O’Rourke set to remain in charge of independent A-League

The A-League's current chief Greg O'Rourke is set to retain his position at the helm of the competition as it transitions away from the control of Football Federation Australia.

The Herald understands O'Rourke – who has been FFA's head of A-League and W-League since the start of 2016 – is heavily favoured to lead the executive branch of the new organisation that will soon be set up to run Australia's professional leagues after Monday's historic independence agreement.

A-League head Greg O’Rourke is likely to retain his position when the competition is run independently of FFA.Credit:AAP

Despite constant friction between FFA and the clubs over the last few years, O'Rourke is well liked and respected by the owners and is seen as a safe pair of hands to steer the A-League, W-League and Y-League into a brave new era.

O'Rourke's appointment is not yet official – the new organisation does not even exist yet, and won't until the legalities of the separation are ironed out by the end of the month and then executed – but it's believed his suitability has been discussed informally amongst the clubs, who are all of a like mind.

O'Rourke would be installed for an indefinite period, giving the clubs enough time to decide whether to keep him on if successful or to bring in another person at a later date. Currently on holidays, O'Rourke declined to comment when contacted by the Herald.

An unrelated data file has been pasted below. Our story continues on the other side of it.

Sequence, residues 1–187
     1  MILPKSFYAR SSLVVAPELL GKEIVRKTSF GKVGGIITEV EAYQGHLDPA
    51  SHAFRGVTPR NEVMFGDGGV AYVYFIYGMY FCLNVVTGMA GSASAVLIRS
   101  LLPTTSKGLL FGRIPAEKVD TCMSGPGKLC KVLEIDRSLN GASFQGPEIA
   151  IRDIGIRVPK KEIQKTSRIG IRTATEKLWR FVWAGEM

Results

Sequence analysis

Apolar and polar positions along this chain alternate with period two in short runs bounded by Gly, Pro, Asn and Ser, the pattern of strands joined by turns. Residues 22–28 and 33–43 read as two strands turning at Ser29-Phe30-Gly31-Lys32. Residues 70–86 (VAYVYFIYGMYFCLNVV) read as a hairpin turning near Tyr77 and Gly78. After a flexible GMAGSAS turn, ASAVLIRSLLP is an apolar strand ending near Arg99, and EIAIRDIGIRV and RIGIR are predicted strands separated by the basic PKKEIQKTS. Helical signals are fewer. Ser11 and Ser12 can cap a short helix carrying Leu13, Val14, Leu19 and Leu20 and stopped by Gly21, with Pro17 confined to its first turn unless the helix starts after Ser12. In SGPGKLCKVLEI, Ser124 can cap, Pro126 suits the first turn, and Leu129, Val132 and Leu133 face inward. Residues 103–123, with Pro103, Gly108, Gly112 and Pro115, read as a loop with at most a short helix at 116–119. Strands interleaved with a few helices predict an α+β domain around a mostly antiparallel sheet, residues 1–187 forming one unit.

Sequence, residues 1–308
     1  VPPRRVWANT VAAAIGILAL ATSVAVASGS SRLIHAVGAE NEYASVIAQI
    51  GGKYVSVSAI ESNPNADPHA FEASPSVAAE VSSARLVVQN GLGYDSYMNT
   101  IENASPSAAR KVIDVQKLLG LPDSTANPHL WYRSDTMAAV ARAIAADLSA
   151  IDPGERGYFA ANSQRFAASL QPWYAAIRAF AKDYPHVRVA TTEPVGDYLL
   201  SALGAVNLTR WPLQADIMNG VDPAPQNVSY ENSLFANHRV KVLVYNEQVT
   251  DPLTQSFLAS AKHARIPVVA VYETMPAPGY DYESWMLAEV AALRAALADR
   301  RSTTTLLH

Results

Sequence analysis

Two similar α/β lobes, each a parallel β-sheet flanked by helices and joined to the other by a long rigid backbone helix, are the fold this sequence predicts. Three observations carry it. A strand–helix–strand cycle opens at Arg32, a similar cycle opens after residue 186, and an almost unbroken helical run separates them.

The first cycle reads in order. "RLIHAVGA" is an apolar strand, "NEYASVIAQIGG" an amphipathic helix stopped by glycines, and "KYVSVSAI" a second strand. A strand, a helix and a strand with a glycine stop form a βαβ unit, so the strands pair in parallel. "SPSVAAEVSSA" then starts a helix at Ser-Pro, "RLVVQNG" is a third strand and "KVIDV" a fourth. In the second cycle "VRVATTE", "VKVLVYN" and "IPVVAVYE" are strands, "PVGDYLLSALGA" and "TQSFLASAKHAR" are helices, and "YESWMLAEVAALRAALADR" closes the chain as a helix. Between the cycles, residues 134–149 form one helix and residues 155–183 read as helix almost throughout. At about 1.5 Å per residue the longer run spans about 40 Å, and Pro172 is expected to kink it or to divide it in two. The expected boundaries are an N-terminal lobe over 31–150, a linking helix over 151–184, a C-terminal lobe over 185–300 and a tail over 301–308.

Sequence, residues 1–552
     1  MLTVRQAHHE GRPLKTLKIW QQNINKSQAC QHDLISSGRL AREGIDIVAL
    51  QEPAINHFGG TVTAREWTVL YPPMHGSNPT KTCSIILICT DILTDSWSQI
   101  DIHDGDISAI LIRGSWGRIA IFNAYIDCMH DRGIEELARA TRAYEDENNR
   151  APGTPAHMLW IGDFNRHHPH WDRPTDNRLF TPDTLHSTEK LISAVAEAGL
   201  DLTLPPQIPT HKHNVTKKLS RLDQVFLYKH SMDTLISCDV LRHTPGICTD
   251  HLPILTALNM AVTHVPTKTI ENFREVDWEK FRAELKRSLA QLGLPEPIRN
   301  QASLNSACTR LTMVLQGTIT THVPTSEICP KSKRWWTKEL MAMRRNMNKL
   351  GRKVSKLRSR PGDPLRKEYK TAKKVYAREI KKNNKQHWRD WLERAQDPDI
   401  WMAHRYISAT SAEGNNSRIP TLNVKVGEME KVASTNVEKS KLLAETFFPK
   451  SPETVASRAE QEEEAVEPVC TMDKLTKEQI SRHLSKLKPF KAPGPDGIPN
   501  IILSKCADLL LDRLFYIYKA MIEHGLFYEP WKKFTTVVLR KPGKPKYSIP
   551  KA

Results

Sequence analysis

It is the clubs who will maintain majority of control of the new leagues body with all 12 A-League outfits (including expansion teams Western United and Macarthur FC) to have a representative on its board, along with two from FFA and an independent chair.

As part of the deal reached with the state federations and PFA, this arrangement will come at no upfront cost for the clubs with their agreed annual payment of $4.5 million to be waived for the remainder of the current TV deal with Fox Sports, which runs for another four years.

O'Rourke has been busy preparing for the professional game's new future in recent weeks and was in France while the Matildas were still alive in the Women's World Cup, meeting with representatives from the US National Women's Soccer League to discuss a formal alignment with the W-League. It's believed O'Rourke will head to America later this month to continue those talks.

Club owners intend to invest heavily in the A-League and W-League having finally achieved their long-held ambition of taking control of the competitions, but a heavy degree of continuity will be required in the initial changeover, which is part of what makes O'Rourke an ideal candidate in their eyes.

The post-independence landscape is much less clear for others at FFA, particularly chief executive David Gallop, who will soon oversee a federation whose core business has vastly changed.

With no professional football competitions to run, FFA's focus will sharpen on national teams and grassroots programs. And with the vast majority of the revenue from the annual broadcast deal to be directed to the clubs, it will become a much leaner organisation in financial terms.

The impact of that will be felt significantly over the next four years, with the decision to waive the clubs' annual payment to FFA amounting to an $18 million black hole over that period. While FFA will receive other money from the clubs, like a 10 per cent cut from any international player transfers, it won't nearly make up the shortfall.

Gallop declined to comment but few in the sport expect him to see out his current contract, which runs until November last year. Gallop is reportedly earning in excess of $1 million per year, and it's anticipated that salaries of that calibre will be very difficult for the new-look FFA to afford.

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